The last several days have shown the strength of the movement of futures contracts and their ability to recover from adverse moves. The most closely watched, for sure, is the E-mini S&P 500 Futures which has recovered more than half of its losses since the lows on Monday. Some may call it a short covering rally however the shorts may have suffered enough pain yesterday. Today’s rally may just be the Stock Market rebounding to a more reasonable level.
The E-mini S&P isn’t the only Futures Market to experience substantial movement since the Brexit vote. The biggest mover has been the October Sugar Contract which hit a low on June 24th of 18.41 and traded a high today of 21.20 Cents per Pound. That’s a move of 15% in just a few days. That dwarfs the move in the British Pound and shows that Futures Contracts, including the British Pound, can be extremely volatile.
The Table below shows the movement of various Futures Contracts since the end of the year. The snapshot was taken at 4:00 PM ET on Wednesday. For the most part, it has been the year of the commodity. Listed, in order, are three currency products, the British Pound, the Euro and the Dollar Index, followed by Crude Oil, Cotton, the E-mini S&P and Gold. The following futures contracts round out the list: Copper, Coffee, Natural Gas, the E-mini NASDAQ, Sugar, Silver, Corn, Soybeans and Wheat.
The final column provides the percentage gains and losses since December 31st. Sugar is the clear winner with gains of almost 31%. Silver and Soybeans also have provided returns in excess of 20% this year. Trading futures contracts is highly leveraged, so it is much easier to make or lose a lot of money on your investment than just by trading Stocks. The returns shown are based on changes in price, not the amount one would have made or lost on a margin based transaction in a futures contract. Each contract has a different margin requirement which will change based on the individual market’s level of volatility. Trading futures contracts is not like trading stocks in which you put up either 50% of the value of the investment or the full value of the stock. Futures trading typically provides for leverage of more than ten to one. Be sure you are aware of the risks before trading any of these instruments.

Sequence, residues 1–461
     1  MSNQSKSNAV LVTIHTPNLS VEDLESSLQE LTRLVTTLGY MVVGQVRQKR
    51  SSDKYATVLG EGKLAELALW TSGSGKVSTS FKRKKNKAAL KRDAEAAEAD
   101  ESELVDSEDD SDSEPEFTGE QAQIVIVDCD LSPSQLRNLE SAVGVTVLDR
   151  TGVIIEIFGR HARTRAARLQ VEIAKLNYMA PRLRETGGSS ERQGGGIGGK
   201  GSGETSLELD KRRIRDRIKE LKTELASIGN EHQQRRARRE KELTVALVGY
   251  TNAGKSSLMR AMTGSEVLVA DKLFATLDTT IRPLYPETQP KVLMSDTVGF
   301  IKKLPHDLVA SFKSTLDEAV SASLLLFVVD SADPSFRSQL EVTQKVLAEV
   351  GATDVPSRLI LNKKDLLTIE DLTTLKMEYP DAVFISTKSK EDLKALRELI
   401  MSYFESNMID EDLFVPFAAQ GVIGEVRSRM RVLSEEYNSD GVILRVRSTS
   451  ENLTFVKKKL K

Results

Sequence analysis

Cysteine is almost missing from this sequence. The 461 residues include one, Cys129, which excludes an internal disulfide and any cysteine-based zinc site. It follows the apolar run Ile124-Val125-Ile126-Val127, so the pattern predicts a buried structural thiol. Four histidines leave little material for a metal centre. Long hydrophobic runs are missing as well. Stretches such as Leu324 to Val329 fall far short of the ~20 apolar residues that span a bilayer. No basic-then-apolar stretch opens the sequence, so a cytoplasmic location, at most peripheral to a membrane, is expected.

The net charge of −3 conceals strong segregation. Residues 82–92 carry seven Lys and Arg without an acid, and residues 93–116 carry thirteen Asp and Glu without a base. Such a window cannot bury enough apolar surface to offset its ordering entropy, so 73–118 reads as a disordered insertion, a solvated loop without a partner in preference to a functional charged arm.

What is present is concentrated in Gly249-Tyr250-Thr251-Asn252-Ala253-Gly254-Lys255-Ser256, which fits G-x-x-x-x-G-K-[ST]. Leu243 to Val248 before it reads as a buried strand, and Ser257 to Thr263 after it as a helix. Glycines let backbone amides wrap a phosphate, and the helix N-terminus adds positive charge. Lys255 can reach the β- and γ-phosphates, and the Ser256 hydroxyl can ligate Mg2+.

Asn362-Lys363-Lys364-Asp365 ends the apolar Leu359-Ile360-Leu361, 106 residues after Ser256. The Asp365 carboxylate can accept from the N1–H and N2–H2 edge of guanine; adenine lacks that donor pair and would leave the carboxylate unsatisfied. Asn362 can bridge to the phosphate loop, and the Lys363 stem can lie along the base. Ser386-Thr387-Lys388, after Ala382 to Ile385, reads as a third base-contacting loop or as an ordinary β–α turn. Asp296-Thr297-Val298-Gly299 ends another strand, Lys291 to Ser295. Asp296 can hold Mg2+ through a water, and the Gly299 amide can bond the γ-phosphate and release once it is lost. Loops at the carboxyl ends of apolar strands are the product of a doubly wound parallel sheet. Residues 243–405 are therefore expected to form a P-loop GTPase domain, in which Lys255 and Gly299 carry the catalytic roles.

If you are not satisfied with the leverage you get in futures contracts, consider options on futures contracts which provide the ultimate opportunity for leverage. If you have a strong understanding of options trading, be sure that you are analyzing the liquidity percentage of the options contract you are trading. Liquidity is essential to long-term profitability. In addition, analyzing the Implied and Historical Volatility, the Implied Volatility Skew and the appropriate options trading strategy to meet your risk/reward requirements are all necessary to ensure that you are performing your due diligence. The Options Guide PDF provides additional information on options trading.
As you can see from the Table, this has been a stellar year for futures contracts. Of those listed, Sugar, Silver, Soybeans, Gold, Crude Oil and Natural Gas all had price increases well in excess of 10%. It may be late to participate in these markets, but it always makes sense to understand the dynamics of markets, including stocks, futures and options. Our Options Syllabus is an outline of trading information.
Options trading involves significant risk and is not suitable for every investor. The information is obtained from sources believed to be reliable, but is in no way guaranteed. Past results are not indicative of future results.